Objectives: Prescribed medication consumption for chronic, non-malignant pain may not be beneficial. This study investigated how self-reported treatment outcomes among individuals in a musculoskeletal pain rehabilitation program are related to the prevalence and trends in the dispensing of prescribed medications.
Methods: Patients with musculoskeletal pain were recruited as they began a rehabilitation program. Each participant completed a self-administrated questionnaire on pain, health status and socioeconomic factors in the beginning and at the end of the rehabilitation period. Each individual’s baseline data from the rehabilitation sample was linked to the national Norwegian Prescription Database [2004–2010]. Dispensing prescribed medications in the groups of centrally acting analgesics [opioids], anxiolytics and hypnotics were studied.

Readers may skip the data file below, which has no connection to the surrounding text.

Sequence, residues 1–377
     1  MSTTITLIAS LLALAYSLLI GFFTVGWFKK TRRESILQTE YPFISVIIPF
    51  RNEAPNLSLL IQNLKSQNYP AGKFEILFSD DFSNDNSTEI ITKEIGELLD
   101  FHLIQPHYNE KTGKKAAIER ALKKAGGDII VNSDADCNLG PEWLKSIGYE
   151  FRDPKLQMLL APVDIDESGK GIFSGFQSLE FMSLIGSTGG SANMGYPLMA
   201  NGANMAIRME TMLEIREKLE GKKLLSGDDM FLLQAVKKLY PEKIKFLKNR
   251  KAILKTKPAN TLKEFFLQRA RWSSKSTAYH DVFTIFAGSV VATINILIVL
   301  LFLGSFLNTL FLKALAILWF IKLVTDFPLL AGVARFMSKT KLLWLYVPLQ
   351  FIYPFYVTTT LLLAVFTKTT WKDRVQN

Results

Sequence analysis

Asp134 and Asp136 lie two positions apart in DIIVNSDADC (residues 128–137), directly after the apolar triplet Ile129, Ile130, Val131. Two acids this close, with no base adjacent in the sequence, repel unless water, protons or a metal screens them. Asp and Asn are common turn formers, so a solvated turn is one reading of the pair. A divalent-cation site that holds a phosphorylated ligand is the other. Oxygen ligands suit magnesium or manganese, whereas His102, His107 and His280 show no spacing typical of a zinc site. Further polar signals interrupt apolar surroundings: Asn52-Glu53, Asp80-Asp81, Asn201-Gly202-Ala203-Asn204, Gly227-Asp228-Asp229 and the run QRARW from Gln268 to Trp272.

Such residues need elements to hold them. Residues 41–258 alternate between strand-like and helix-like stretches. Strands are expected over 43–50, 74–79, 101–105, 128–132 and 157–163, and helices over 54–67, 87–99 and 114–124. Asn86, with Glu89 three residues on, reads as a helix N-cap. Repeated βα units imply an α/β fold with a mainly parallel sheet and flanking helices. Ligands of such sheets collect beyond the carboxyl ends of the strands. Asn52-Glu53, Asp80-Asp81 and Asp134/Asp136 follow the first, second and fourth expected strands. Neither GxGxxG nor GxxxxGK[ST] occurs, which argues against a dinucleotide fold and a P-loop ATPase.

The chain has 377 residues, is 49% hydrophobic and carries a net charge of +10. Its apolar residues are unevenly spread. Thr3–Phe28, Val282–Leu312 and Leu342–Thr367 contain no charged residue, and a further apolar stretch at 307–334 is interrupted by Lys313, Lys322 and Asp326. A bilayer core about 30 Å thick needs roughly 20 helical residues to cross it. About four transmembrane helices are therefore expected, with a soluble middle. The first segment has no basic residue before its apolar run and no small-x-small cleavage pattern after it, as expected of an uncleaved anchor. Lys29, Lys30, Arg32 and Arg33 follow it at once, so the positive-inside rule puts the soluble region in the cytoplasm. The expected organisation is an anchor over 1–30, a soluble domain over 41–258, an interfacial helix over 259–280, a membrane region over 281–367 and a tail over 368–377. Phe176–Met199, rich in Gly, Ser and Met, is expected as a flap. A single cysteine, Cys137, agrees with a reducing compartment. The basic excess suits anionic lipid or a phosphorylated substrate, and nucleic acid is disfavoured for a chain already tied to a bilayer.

Results: A total of 1562 individuals participated, and there was no loss to follow-up. Controlled medications [Schedule 2] were prescribed in 36.4% [n = 569] of the sample population. Women were overrepresented in the sample. The dispensing of prescribed hypnotics is more frequent than the dispensing of prescribed analgesics and anxiolytics. Old age, low education level and living alone are related to being prescribed hypnotics and anxiolytics, while gender [female] is related to being prescribed analgesics. A reduction in pain intensity over the two observations in time [pre- and post-treatment] is related to the prescription of hypnotics, while a lack of improvement in physical capacity during the rehabilitation program is significantly related to being prescribed analgesics. The improvement in overall health is significantly related to being prescribed anxiolytics.
Conclusions: Dispensing of prescribed analgesics, anxiolytics and hypnotics among individuals in rehabilitation with chronic musculoskeletal pain is associated with treatment outcomes and should be taken into account in designing the rehabilitation intervention.